We acted for the successful claimants in an unusual case concerning transactions designed to defeat the claims of judgment creditors. The judgment is available via BAILLI and has attracted comment from a number of sources.
We acted for clients who had a strong contractual claim against a solicitor (“Mr Shone”) running a litigation funding vehicle incorporated as a limited partnership in Bermuda but run from an office in Singapore as an investment fund.
The clients had noticed serious irregularities in the accounts of the fund vehicle and, through sheer persistence, had forced Mr Shone to agree to buy them out personally. Mr Shone’s liability to the clients under their contracts with him was around USD 2,400,000. Unknown to the clients (at the time), they were not alone in their concerns and, under pressure on all sides, Mr Shone effectively abandoned his post as general partner of the fund.
In the course of investigations, it became clear that Mr Shone had exploited delays in consular service in Singapore (which is required by the laws of that state and which he had obliged the clients to undertake by conspicuously failing to provide an address for service in England and Wales) to dissipate nearly all his assets to his supposedly-estranged wife (“Mrs Shone”) and to disappear to Bali in Indonesia with his girlfriend, a self-described “glamour model” and “male menopause therapist”.
Leaving aside the exotic facts, the importance of the case lies in the fact that a team led by Simon Winter, with support from Oliver Cox (who has now left the firm), obtained on 12 February 2015 one of the most draconian remedies available from the English Court, namely a worldwide asset freezing injunction not only against Mr Shone but also against Mrs Shone on the basis of the jurisdiction established in an authority known as Chabra. Further (and very unusually) we persuaded the Court to allow service by alternative methods on both husband and wife and to allow delay in service to allow ancillary proceedings to be brought in Malaysia to preserve a valuable piece of real estate for potential enforcement there, both of which involved a significant exercise in logistics.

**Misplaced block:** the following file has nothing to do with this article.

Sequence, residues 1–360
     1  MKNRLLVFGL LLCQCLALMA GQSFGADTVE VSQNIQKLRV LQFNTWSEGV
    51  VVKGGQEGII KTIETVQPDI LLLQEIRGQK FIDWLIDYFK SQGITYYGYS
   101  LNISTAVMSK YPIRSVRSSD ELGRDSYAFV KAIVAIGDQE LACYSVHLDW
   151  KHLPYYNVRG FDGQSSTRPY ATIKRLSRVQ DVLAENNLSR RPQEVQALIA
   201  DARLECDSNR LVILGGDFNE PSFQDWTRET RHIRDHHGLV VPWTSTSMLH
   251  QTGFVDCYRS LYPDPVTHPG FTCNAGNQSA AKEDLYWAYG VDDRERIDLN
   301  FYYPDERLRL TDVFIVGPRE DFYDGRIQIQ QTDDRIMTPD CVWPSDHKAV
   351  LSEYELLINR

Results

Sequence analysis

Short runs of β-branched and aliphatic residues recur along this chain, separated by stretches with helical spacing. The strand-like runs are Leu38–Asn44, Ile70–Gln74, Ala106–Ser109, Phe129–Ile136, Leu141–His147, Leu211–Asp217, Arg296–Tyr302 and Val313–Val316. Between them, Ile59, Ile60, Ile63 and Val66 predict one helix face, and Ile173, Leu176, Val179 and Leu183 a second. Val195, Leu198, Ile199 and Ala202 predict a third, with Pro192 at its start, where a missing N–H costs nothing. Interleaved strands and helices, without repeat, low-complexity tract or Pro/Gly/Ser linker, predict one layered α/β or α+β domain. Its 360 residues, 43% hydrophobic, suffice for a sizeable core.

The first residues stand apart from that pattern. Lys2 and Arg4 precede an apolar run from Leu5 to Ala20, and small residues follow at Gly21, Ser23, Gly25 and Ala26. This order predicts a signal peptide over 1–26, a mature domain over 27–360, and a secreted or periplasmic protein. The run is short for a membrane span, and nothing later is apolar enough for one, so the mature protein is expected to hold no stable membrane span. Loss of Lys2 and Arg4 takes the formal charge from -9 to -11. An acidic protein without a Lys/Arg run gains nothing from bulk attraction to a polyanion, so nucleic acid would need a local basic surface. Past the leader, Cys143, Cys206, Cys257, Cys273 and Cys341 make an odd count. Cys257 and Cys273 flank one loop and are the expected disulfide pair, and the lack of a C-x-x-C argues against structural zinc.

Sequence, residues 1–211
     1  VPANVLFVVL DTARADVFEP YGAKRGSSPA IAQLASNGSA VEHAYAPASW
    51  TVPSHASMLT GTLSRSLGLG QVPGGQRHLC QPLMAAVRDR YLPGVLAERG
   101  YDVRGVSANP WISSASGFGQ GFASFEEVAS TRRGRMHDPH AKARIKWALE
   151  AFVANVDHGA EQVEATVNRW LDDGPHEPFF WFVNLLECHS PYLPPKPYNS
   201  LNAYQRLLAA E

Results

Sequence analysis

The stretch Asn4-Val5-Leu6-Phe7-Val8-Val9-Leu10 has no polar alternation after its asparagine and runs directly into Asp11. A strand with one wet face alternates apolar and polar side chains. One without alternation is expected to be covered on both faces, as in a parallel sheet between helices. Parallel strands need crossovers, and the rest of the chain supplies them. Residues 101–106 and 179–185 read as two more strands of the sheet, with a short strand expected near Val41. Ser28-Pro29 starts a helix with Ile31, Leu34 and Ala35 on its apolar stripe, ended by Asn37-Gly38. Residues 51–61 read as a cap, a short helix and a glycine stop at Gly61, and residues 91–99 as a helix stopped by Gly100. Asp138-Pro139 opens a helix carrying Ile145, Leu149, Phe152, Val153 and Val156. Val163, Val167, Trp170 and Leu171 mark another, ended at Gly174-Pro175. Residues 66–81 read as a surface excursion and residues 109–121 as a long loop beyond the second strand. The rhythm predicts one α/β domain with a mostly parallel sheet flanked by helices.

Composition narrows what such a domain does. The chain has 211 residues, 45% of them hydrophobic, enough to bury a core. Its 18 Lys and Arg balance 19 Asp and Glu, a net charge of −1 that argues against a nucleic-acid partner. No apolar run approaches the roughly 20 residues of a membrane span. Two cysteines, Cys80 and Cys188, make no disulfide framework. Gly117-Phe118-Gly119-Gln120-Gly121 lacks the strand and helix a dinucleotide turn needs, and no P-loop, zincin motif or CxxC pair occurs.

This case is an important example of how this firm can deliver results for clients of the kind much larger practices could deliver but at a level of cost which made the case economically viable for the clients. A larger practice could easily have spent more than the claim was worth.
Mrs Shone opposed the claim at every turn, instructing first Stewarts Law LLP then Benchmark Solicitors LLP, and tried and failed to discharge the freezing injunction on 18 June 2015. Judgment was entered against Mr Shone on 24 July 2015 and against Mrs Shone on 20 May 2016.
That judgment is of general public importance and is a relatively rare High Court claim dealing with the application of Section 423 of the Insolvency Act 1986. That section gives the Court the power to set aside transactions designed to defeat the claims of creditors. The case is out of the ordinary in that it concerned unusually high-value transfers brought not by an insolvency practitioner but by some of the creditors affected themselves.
Daniel Saoul of 4 New Square acted as Counsel throughout.